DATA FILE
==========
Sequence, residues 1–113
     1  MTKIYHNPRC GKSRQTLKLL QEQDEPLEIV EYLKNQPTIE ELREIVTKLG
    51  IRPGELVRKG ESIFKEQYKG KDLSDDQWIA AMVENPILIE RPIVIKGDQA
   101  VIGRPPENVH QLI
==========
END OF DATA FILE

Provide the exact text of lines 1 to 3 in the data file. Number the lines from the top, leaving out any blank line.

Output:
Sequence, residues 1–113
     1  MTKIYHNPRC GKSRQTLKLL QEQDEPLEIV EYLKNQPTIE ELREIVTKLG
    51  IRPGELVRKG ESIFKEQYKG KDLSDDQWIA AMVENPILIE RPIVIKGDQA